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Geopolitics

Europe, The Naive Power

Standing alone against the United States and China, Europe must wake up in 2019. And come together.

Brussels morning
Brussels morning
Nicolas Barré

PARIS — Europe is alone. Alone strategically and militarily, as demonstrated once again by President Trump's end-of-year decision to withdraw U.S. troops from Syria, leaving a large void in the Middle East. Alone economically as well, against two blocs — the United States and China — which, each in its own way, systematically target Europe's industrial forces (aeronautics, automotive, pharmaceuticals, steel, chemicals) and have undertaken the digital colonization of the Old Continent with a dual objective: data control and payment control.

This great lesson of the past year, if not decade, calls for a strategic and political awakening. Does Europe have the capacity to do so? There's no doubt about that. Does it have the means to do so? Whether it's on the military, economic or financial front, the answer is no. Still, this should be the next generation's great project. Donald Trump and Xi Jinping, after all, are powerful mobilizing agents: If we don't wake up now to the provocations of one or to the new roads of expansion of the other, when will we?

Europe must acquire its autonomy in terms of security. "It is no longer such that the United States simply protects us," German Chancellor Angela Merkel said in the spring of 2018. "We need a Europe which can defend itself better alone, without just depending on the United States, in a more sovereign manner," Emmanuel Macron said during the 100th-anniversary commemorations of World War I. Sure. But there can be no sovereign security policy at European level if you only devote 1.3% of your GDP to it. Our leaders know this. What are they doing?

Industrial power is key to strategic autonomy. Do we know that?

Faced with two major economic powers who are doing their utmost to protect their vital interests, Europe is a naive power. The evidence for this is abundant. Six European countries — Belgium, the United Kingdom, Denmark, Italy, Norway, the Netherlands and perhaps soon Finland — have chosen American combat aircraft (the F35 developed by Lockheed Martin) for their defense rather than European aircraft ... which have no chance of ever being sold to the United States or to countries that are exclusive domain of the U.S., such as Japan or Israel.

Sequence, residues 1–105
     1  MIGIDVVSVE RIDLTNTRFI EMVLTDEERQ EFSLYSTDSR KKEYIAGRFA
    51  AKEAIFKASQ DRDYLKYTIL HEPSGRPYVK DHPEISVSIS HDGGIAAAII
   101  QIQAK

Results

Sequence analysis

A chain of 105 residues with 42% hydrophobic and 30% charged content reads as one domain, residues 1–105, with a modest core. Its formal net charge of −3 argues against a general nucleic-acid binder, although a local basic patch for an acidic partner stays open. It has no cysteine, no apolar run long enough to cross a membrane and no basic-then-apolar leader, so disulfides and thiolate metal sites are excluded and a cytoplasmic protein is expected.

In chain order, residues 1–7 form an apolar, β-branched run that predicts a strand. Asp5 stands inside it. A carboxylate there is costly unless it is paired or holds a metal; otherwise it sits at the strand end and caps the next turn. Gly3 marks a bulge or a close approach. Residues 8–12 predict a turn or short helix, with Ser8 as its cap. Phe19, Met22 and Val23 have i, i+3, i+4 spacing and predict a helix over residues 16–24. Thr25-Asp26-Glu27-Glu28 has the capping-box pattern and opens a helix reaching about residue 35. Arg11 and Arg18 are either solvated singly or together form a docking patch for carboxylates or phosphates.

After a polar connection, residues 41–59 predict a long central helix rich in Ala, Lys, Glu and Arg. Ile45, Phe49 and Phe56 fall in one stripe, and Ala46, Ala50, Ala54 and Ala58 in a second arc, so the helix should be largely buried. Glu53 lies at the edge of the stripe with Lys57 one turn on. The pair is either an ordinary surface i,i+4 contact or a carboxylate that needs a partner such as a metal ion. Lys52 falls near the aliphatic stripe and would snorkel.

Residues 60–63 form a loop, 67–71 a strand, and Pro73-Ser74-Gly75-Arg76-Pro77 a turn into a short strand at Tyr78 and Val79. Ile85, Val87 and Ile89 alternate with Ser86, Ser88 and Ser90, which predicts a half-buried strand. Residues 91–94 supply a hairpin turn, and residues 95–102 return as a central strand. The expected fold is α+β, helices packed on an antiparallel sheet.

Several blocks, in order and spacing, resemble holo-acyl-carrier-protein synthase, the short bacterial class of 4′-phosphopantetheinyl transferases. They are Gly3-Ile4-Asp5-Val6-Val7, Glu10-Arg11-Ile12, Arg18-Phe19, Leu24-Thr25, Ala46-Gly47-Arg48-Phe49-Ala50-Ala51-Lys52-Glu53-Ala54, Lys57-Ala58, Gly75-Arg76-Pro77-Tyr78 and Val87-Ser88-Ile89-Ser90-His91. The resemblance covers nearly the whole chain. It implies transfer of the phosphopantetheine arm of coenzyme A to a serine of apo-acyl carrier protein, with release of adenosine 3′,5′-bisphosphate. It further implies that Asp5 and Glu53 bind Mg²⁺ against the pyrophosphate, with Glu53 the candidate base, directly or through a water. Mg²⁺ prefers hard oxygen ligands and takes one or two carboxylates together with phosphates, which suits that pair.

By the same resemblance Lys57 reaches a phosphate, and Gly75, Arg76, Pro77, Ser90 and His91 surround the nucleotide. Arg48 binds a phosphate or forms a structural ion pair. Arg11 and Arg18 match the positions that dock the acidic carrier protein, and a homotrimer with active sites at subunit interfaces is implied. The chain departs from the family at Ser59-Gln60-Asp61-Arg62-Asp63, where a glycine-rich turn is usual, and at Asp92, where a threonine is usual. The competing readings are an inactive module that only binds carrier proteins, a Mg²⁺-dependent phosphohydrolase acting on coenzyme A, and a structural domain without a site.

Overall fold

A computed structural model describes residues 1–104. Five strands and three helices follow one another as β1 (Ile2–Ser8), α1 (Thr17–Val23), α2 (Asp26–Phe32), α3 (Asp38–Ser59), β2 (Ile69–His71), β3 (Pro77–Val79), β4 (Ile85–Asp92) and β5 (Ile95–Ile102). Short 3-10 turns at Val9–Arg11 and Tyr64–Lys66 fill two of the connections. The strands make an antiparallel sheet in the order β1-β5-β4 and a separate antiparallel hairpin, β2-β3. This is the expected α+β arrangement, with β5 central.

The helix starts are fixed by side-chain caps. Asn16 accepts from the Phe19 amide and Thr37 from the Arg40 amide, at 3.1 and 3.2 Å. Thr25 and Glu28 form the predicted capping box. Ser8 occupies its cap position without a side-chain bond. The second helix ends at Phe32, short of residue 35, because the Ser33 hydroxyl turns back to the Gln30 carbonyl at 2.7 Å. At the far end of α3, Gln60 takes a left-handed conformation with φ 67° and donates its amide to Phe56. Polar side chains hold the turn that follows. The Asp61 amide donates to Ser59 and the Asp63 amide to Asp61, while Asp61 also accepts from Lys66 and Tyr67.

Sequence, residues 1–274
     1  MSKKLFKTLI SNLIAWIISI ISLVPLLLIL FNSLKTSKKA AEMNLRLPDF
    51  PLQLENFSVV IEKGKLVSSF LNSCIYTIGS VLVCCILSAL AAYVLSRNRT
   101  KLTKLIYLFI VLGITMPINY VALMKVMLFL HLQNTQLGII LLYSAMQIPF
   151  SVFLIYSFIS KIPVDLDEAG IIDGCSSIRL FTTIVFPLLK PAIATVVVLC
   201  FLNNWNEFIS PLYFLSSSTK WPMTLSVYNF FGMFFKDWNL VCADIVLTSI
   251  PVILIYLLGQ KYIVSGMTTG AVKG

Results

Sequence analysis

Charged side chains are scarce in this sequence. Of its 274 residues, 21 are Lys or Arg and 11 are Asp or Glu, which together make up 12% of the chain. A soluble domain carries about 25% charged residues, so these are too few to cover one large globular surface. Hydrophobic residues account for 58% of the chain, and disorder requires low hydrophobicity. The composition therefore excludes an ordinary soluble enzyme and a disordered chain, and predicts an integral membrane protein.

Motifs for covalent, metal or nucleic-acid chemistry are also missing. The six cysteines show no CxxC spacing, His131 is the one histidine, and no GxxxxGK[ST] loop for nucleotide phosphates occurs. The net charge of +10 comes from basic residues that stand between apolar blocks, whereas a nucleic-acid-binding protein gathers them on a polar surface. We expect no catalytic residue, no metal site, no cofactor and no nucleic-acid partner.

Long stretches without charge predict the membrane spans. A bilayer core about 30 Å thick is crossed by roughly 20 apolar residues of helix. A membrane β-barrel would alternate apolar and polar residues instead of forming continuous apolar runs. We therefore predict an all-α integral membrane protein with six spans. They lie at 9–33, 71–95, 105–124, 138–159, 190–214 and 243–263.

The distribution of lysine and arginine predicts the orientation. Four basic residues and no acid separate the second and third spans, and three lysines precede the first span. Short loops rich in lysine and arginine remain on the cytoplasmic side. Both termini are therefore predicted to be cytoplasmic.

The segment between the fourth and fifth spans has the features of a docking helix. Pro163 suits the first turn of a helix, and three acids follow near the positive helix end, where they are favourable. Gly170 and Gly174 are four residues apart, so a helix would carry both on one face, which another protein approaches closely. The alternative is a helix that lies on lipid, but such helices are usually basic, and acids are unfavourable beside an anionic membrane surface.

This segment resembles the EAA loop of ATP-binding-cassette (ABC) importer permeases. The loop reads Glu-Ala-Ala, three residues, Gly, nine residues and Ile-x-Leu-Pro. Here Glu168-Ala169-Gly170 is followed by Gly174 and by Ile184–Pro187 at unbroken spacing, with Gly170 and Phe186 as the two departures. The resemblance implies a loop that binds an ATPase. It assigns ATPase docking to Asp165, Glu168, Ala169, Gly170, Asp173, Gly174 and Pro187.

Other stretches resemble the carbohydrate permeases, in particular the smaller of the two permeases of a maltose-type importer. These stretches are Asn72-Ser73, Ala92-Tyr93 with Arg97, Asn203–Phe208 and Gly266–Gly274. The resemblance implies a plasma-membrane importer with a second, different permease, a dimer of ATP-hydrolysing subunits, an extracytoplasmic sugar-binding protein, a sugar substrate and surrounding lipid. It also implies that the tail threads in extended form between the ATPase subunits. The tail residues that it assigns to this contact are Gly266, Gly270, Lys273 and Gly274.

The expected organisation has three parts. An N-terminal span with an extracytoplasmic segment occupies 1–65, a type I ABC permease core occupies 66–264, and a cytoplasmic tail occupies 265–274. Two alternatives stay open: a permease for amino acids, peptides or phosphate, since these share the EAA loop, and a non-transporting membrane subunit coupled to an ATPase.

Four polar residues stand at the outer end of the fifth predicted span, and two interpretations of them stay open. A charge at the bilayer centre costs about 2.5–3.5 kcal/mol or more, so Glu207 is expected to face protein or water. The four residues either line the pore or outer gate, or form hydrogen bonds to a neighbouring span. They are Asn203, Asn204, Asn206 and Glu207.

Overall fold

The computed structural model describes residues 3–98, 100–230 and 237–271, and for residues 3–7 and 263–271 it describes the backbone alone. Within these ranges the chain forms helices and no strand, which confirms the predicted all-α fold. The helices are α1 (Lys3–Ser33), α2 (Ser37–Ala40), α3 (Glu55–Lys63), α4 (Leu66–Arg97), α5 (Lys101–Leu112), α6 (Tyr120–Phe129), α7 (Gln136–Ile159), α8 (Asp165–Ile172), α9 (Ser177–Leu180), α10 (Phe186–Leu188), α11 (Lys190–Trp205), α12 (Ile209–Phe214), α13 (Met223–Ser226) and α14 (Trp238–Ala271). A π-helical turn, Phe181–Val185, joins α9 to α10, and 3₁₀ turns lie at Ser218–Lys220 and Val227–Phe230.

Lockheed Martin F-35 Lightning II — Photo: U.S. Air Force

Another example is the fact that one of Brussels' first decisions in 2019 could be to ban the merger between Alstom and Siemens, which, if it were to happen, would create a rail champion capable of competing with the two Chinese giants. Industrial power is one of the keys to strategic autonomy. The United States and China know this. Do we?

As for financial sovereignty, the Iranian sanctions case has shown that Europe has none, despite the success of the euro. The dollar's spider web irresistibly brings us back under the influence of the American legal system, again depriving Europe of its autonomy. What are we doing to resist?

Let us hope that, in 2019, Europe will wake up and come together on these issues of sovereignty. And that the peoples of Europe realize that our rivals dream of one thing only: that the populists win the next European elections in May.

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Society

Parenthood And The Pressure Of Always Having To Be Doing Better

As a father myself, I'm now better able to understand the pressures my own dad faced. It's helped me face my own internal demands to constantly be more productive and do better.

Photo of a father with a son on his shoulders

Father and son in the streets of Madrid, Spain

Ignacio Pereyra*

-Essay-

When I was a child — I must have been around eight or so — whenever we headed with my mom and grandma to my aunt's country house in Don Torcuato, outside of Buenos Aires, there was the joy of summer plans. Spending the day outdoors, playing soccer in the field, being in the swimming pool and eating delicious food.

But when I focus on the moment, something like a painful thorn appears in the background: from the back window of the car I see my dad standing on the sidewalk waving us goodbye. Sometimes he would stay at home. “I have to work” was the line he used.

Maybe one of my older siblings would also stay behind with him, but I'm sure there were no children left around because we were all enthusiastic about going to my aunt’s. For a long time in his life, for my old man, those summer days must have been the closest he came to being alone, in silence (which he liked so much) and in calm, considering that he was the father of seven. But I can only see this and say it out loud today.

Over the years, the scene repeated itself: the destination changed — it could be a birthday or a family reunion. The thorn was no longer invisible but began to be uncomfortable as, being older, my interpretation of the events changed. When words were absent, I started to guess what might be happening — and we know how random guessing can be.

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